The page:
|Publication number||US5029611 A|
|Application number||US 07/421,110|
|Publication date||Jul 9, 1991|
|Filing date||Oct 13, 1989|
|Priority date||Oct 14, 1988|
|Also published as||DE3934170A1, DE3934170C2|
|Publication number||07421110, 421110, US 5029611 A, US 5029611A, US-A-5029611, US5029611 A, US5029611A|
|Original Assignee||Nissan Motor Company, Limited|
|Export Citation||BiBTeX, EndNote, RefMan|
|Patent Citations (13), Referenced by (7), Classifications (14), Legal Events (5)|
|External Links: USPTO, USPTO Assignment, Espacenet|
1. Technical Field
This invention relates to a fuel suction system for supplying fuel from a fuel tank to an internal combustion engine used in an automotive vehicle.
2. Background Art
Conventionally, fuel in the fuel tank of automotive vehicles has been suctioned by a feed conduit installed in the tank, then transferred to the internal combustion engine. When the vehicle is driven around a curve or at an incline continuously or for a long time, fuel inclines to one side of the tank. It becomes unable to be suctioned by the feed conduit when the level of fuel in the fuel tank drops to a relatively low level. This causes engine malfunctions, stalling or discontinuous combustion.
U.S. Pat, No. 3,881,457 issued to Benner et al. and U.S. Pat. No. 4,503,885 issued to Hall describe a fuel tank including a reservoir container surrounding a feed conduit supported on the bottom of the tank. Fuel can be stored in the reservoir container even the level of fuel in the tank becomes relatively low. However, the feed conduit cannot suction fuel when it is inclined substantially to one side of the tank.
It has been proposed, for example, in Japanese Utility Model Kokai No. 51-13423 to install a reservoir container having its vertical wall cut out on one side at the tank bottom. Fuel would flow into the container over the cut-out side of the wall. When the fuel surface inclines in the tank, stored fuel in the container below the cut out level does not flow out and is suctioned by the inlet conduit to the engine. However, because the fuel supply depends on the stored fuel in the container only, discontinuous combustion of the engine is caused sometimes. Thus, the automotive vehicle becomes undrivable, and the remainder of the fuel cannot be utilized efficiently.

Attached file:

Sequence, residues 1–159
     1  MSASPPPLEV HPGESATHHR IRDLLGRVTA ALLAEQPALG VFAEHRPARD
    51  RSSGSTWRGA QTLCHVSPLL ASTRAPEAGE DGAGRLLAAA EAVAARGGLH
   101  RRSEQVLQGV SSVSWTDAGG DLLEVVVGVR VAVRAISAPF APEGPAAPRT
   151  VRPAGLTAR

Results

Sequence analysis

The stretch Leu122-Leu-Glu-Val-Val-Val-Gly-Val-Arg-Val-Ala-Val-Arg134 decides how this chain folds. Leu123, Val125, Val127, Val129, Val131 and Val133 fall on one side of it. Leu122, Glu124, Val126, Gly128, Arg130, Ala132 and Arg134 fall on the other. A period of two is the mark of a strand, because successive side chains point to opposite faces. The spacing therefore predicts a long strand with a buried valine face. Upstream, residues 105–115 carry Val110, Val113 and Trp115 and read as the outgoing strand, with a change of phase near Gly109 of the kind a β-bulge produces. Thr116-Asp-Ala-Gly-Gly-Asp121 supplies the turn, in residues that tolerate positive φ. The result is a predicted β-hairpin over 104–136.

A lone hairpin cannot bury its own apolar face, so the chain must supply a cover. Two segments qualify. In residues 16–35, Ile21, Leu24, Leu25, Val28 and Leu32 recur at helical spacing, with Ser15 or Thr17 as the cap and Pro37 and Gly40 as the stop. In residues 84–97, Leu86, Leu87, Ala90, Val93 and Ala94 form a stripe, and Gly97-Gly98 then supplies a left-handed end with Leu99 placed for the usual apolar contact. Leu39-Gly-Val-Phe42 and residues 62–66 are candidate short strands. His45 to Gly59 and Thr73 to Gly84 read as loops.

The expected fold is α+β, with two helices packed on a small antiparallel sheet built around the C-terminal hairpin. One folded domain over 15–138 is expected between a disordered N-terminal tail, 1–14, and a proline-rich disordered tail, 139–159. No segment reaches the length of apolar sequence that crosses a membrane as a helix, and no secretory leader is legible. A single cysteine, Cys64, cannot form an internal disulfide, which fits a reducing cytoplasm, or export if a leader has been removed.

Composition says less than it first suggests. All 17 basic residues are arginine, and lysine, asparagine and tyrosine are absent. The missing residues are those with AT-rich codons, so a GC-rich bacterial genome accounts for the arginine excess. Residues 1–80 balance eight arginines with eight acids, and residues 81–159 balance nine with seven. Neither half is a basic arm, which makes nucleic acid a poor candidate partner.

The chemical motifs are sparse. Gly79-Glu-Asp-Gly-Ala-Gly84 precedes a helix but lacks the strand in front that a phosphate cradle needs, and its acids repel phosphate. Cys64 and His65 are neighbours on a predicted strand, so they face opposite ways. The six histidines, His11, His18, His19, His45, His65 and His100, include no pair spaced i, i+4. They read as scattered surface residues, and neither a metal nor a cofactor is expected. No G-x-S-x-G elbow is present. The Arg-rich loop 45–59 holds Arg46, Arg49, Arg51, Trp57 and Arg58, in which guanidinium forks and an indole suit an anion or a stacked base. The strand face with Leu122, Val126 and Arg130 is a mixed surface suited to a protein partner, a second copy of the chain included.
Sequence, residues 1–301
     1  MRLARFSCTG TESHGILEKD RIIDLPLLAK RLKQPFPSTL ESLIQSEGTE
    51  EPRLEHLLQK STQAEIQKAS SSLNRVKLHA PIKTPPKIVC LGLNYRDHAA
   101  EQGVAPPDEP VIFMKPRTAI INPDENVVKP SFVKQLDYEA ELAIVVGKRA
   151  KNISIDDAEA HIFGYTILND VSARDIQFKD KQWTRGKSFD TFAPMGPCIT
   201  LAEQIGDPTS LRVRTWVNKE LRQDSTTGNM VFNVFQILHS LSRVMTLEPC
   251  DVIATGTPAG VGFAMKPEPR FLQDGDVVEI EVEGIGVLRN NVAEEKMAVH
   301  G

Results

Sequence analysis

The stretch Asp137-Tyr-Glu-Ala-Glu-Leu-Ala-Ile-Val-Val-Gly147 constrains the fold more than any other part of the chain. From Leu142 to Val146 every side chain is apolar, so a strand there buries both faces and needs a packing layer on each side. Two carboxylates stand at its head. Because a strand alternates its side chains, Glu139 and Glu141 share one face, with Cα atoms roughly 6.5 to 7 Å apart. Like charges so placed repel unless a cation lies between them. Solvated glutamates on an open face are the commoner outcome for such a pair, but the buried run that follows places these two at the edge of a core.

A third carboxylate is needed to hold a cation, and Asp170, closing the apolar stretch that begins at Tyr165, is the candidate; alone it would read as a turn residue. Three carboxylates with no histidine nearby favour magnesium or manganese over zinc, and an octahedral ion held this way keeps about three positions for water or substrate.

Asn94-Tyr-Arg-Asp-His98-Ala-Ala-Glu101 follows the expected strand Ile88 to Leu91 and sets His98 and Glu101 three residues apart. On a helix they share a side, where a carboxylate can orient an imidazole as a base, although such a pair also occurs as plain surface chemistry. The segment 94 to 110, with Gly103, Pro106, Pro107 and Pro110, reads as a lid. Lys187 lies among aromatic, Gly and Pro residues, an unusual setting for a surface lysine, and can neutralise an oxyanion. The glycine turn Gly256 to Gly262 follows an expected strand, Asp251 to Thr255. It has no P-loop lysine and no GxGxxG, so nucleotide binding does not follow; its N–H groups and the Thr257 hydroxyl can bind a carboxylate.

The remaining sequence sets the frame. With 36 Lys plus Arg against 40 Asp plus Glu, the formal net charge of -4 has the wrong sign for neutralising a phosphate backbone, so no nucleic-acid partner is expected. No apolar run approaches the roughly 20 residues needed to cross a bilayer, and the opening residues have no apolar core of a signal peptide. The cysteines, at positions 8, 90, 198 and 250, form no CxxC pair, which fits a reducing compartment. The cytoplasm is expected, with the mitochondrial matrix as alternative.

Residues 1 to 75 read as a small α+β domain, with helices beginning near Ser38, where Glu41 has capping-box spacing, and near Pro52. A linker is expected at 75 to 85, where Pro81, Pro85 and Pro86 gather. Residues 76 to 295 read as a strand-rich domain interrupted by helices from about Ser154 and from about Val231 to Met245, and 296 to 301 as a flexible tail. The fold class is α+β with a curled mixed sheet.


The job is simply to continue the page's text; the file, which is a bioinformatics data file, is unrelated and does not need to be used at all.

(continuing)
Therefore, it is an object of the present invention to provide a fuel suction system for internal combustion engines used in automotive vehicles which can transfer the remainder of the fuel in the fuel tank to the engine efficiently even if the driven state of the vehicle is inclined to one side for a long time, the efficient functioning of the tank is maintained even when the level of fuel drops to a relatively low level.
It has been required for the fuel tank of the automotive vehicle to have the ability to transfer fuel from the tank to the engine when the vehicle inclines for a long time and the remaining fuel is relatively low.
According to the present invention, there is provided; a fuel suction system including a fuel tank, a feed conduit through which fuel is suctioned from the fuel tank, a reservoir container in the tank mounted on the tank bottom surrounding the feed conduit, and a return conduit through which excess fuel is returned to the fuel tank. The reservoir container has two openings on its wall. The first opening on the wall connects the first inlet conduit extending along the surface of the container's wall and diagonally across the tank bottom. An open end of the first inlet conduit is adjacent a corner about 180° opposite the first opening space. The return conduit has an outlet port adjacent the open end of the first inlet conduit. The outlet port of the return conduit and the open end of the first inlet conduit form an ejector portion. On the other hand, the second opening is an additional opening located at a side about 180° opposite the second open end. This open end located adjacent the side wall of the tank at the corner diagonally opposite the corner where the first open end is spaced. Additionally, the second opening is located on a line through the center of the reservoir container which intersects line between the first open end and the first opening of the first inlet conduit.
With return fuel passing therethrough, the ejector portion suctions the remainder of surrounding fuel and then supplies it to the reservoir container with return fuel. In case of fuel inclines to one side of the tank when the automotive vehicle is driven through a curve or along a slope, fuel supplied to the reservoir container through either the first or second inlet conduit is ensured. Additionally, because both the first and the second openings are spaced opposite to each open end, no upstream flow of fuel occurs. Therefore, the continuous supplying of fuel to the tank (returned to and remaining in the tank) to the engine can be accomplished smoothly.
The present invention will be understood more clearly from the preferred embodiment described herebelow and from the appended drawings which illustrate the detailed composition of the embodiment, which, however, should not be taken to limit the invention but are for explanation and understanding only.
In the drawings:
FIG. 1 is a perspective view of the one embodiment of the present invention,
FIG. 2 is a sectional view of the same embodiment of FIG. 1,
FIG. 3 is a plan view of the same embodiment of FIG. 1.